Raisonnement fluide chez les enfants sur le spectre de l'autisme : développement et mécanismes cérébraux

 

Eliane Danis

Université du Québec à Montréal [UQAM]

 

Domaine : Neurosciences, santé mentale et toxicomanies

Programme : Formation de doctorat

Concours 2017-2018

Partenaire:

Fondation des Étoiles

Fluid reasoning is a high-level cognitive process that allows to logically solve novel problems. In typically developing (TD) individuals, fluid reasoning relies on a frontoparietal neuronal network (Ferrer et al., 2009). However, for individuals with an autism spectrum disorder (ASD), visual areas of the brain are overactive while frontal areas are underactive comparing to those of TD individuals during this type of reasoning (Soulières et al., 2009). Moreover, ASD individuals are known for their atypical perceptual and visuospatial strengths, which are more strongly associated to their fluid reasoning abilities than for TD individuals (Dawson et al., 2007). This suggests differences in fluid reasoning development of ASD and TD children.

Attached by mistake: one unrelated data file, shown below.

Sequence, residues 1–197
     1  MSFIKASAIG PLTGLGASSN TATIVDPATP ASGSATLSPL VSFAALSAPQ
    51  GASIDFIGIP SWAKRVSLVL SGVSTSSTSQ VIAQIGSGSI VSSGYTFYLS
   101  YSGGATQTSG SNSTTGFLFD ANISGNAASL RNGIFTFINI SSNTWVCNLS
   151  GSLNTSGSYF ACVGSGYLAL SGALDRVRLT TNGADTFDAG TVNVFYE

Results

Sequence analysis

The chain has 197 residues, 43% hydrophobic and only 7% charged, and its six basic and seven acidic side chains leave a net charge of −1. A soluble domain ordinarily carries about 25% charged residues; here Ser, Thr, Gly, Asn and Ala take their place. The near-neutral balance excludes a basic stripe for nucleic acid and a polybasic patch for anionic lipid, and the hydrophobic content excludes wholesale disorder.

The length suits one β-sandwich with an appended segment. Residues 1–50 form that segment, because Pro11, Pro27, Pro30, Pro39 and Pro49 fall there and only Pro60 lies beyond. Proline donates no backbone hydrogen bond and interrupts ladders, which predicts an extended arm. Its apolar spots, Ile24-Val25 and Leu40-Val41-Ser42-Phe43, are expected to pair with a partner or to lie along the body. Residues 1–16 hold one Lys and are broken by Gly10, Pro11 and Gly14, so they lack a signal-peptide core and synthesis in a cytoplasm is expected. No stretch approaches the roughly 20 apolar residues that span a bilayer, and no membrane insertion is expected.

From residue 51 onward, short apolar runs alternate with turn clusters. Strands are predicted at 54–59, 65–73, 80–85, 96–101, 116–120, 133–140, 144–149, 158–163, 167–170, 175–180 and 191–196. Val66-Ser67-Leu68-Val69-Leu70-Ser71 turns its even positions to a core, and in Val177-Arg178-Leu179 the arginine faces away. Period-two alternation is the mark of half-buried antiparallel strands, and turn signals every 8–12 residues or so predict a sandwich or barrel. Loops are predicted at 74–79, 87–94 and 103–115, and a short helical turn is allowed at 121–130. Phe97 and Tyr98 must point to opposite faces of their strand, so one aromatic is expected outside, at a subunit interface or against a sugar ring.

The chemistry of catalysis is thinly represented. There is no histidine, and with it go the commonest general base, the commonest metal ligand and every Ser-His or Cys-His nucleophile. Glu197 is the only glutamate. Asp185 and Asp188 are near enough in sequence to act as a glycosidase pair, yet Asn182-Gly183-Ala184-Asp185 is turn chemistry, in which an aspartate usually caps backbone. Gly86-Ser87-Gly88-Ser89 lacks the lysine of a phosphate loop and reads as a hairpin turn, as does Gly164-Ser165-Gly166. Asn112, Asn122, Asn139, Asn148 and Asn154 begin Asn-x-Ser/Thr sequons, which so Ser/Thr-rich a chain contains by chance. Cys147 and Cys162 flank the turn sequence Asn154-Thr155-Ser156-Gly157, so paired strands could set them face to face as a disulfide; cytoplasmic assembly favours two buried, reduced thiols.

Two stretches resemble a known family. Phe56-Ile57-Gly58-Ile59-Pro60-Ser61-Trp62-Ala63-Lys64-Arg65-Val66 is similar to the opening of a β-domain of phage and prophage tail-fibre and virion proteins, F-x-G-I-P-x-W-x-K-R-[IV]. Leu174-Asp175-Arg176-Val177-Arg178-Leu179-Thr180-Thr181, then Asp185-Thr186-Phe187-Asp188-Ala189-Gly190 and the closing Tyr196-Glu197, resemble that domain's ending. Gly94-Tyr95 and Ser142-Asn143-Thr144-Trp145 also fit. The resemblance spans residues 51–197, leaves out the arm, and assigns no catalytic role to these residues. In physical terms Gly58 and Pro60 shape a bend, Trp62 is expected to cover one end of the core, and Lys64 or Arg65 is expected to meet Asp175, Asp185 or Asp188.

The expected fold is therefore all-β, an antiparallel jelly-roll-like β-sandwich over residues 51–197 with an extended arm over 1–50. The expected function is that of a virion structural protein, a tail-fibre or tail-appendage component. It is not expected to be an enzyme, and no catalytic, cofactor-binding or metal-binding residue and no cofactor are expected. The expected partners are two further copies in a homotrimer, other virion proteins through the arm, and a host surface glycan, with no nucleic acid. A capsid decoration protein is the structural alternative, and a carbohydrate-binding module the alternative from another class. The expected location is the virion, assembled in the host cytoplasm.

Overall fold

Thirty ASD and 30 TD children aged between 8 and 14 years-old and matched in sex, age and intellectual quotient will complete a computerized reasoning task of varied content (Semantic or Visuospatial) and increased complexity (0-relation, 1-relation  and 2-relations) while in a functional magnetic resonance imaging scan. They will also be assessed with a neuropsychological tests battery to investigate how some cognitive abilities influence fluid reasoning development in both groups. Results will allow the improvement of teaching methods in accordance with the reasoning strategies used by the children of each groups to optimize their cognitive potential.